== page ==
I continue to point out that economic growth correlates high and negative with energy prices.
Now I am off for errands.
December 17, 2008
Yesterday was consumed with errands, and Tuesday night is a TV night. I confess to enjoying NCIS and The Mentalist although I can't really say why. And of course whenever there is a Lakers game Roberta watches it, and if I'm going to have any time with her I have to watch it too. It's not an ordeal, and we switch between the game and my TV programs. Actually I like basketball games, but apparently I'm no longer geared for that sort of thing, which is to say I seem to be disturbed by uncertainties in situations where I care about the outcome. That doesn't bode well for life in this decade.
I see that Obama has appointed a Certified Green as Secretary of Agriculture. Not sure what that means. Alternate Energy is in a bad way now that oil prices are down again. Even T. Boone Pickens is packing it in. And Obama says that if we drill we won't have any new oil in the pipelines for ten years. Ten years from now someone will be saying the same thing, of course. The only way out of our energy dilemma is to pursue all fronts: domestic production, nuclear power, and some of the "alternate" "soft path" alternatives even when they are not cost/effective as insurance. And research. But this means an integrated energy strategy that allows the market a fair amount of influence while guiding the nation toward, not energy independence in normal times, but a capability of survival when energy sources are interrupted, and ways to ease economic disaster when oil prices skyrocket.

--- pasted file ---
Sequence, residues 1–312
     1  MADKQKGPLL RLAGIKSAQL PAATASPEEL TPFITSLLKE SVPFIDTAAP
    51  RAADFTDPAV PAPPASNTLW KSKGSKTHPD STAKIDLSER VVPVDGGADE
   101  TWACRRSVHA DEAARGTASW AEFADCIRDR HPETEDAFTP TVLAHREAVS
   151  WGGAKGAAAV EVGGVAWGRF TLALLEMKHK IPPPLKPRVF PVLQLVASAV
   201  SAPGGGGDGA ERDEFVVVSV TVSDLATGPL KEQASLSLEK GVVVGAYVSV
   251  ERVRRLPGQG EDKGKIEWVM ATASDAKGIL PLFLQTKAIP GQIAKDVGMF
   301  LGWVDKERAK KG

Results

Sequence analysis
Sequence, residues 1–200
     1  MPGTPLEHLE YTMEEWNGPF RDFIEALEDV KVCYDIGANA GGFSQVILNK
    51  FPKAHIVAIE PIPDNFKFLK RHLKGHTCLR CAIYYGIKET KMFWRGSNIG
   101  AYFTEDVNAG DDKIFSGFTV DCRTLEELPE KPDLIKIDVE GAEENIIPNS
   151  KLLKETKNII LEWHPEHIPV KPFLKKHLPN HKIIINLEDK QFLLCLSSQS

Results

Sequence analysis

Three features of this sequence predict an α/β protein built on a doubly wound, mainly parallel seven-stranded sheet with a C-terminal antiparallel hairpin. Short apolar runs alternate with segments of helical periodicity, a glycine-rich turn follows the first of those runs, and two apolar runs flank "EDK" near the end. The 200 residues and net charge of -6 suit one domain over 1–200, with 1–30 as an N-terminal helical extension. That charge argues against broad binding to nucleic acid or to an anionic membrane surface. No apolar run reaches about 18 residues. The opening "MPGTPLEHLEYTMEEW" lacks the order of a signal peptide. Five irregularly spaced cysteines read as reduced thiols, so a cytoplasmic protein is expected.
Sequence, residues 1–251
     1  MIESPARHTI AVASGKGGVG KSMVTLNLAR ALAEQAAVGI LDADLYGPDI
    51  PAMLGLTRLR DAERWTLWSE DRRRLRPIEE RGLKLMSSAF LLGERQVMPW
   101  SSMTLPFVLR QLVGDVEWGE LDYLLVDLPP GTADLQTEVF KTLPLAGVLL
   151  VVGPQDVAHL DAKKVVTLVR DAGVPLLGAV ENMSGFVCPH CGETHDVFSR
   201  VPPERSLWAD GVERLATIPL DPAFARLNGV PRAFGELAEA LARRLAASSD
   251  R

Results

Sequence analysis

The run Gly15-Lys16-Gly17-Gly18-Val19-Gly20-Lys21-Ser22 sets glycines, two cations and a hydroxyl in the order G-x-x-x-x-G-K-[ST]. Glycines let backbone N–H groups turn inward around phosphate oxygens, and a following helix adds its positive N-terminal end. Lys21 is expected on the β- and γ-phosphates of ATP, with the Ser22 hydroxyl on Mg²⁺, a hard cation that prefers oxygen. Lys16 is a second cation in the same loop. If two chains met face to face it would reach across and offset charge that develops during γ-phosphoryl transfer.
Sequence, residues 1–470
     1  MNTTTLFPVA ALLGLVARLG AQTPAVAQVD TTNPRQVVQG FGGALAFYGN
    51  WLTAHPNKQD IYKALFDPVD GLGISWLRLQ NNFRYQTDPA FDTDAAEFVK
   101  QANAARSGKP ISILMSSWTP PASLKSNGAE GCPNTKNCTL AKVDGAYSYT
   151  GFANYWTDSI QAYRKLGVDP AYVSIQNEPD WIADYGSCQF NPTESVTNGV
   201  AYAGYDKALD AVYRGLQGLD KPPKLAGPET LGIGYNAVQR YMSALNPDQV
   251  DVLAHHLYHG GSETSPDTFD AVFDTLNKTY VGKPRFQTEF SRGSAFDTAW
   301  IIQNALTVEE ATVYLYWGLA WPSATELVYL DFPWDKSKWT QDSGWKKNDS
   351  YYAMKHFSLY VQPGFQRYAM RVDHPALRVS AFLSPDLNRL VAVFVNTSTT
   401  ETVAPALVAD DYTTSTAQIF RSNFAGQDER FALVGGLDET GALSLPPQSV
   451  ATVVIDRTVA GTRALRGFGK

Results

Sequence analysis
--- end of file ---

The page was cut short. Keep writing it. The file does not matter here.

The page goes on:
None of this is impossible or even all that difficult, but it does require attention to reality and priorities. Man made Global Warming has to be put well down on the list of problems: a bankrupt America will do nothing to help Save The Earth because it will be able to do nothing. It's getting clearer all the time that Man Made Global Warming and the responses demanded to it are part of a colossal fraud: whether or not Man Made Global Warming is a significant problem, it is very clear that the responses demanded wouldn't do much on their own models. It's energy theater, and that's worse than security theater.
The real question is, how much of this is known to Our Masters? As more and more actual scientists go over to the "we can't prove man made global warming, and we now wonder if we can prove global warming at all: we may be headed for a new Ice Age, and we can't tell", the residual left in the Kyoto Now camp gets louder and more shrill. Most of them are True Believers: they are also dependent for their jobs and/or prestige on the standard Global Warming Hysteria, so they have an incentive to keep shouting for their follies.